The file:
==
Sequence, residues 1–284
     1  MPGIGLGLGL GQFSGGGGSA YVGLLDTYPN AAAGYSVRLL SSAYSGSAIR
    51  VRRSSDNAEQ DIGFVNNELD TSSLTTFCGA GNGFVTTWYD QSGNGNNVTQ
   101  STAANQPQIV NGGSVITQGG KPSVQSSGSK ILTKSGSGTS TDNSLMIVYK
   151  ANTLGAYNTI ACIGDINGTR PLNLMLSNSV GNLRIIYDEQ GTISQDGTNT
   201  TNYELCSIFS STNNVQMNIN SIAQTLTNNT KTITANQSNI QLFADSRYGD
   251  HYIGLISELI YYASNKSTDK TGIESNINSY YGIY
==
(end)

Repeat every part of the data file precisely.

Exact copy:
Sequence, residues 1–284
     1  MPGIGLGLGL GQFSGGGGSA YVGLLDTYPN AAAGYSVRLL SSAYSGSAIR
    51  VRRSSDNAEQ DIGFVNNELD TSSLTTFCGA GNGFVTTWYD QSGNGNNVTQ
   101  STAANQPQIV NGGSVITQGG KPSVQSSGSK ILTKSGSGTS TDNSLMIVYK
   151  ANTLGAYNTI ACIGDINGTR PLNLMLSNSV GNLRIIYDEQ GTISQDGTNT
   201  TNYELCSIFS STNNVQMNIN SIAQTLTNNT KTITANQSNI QLFADSRYGD
   251  HYIGLISELI YYASNKSTDK TGIESNINSY YGIY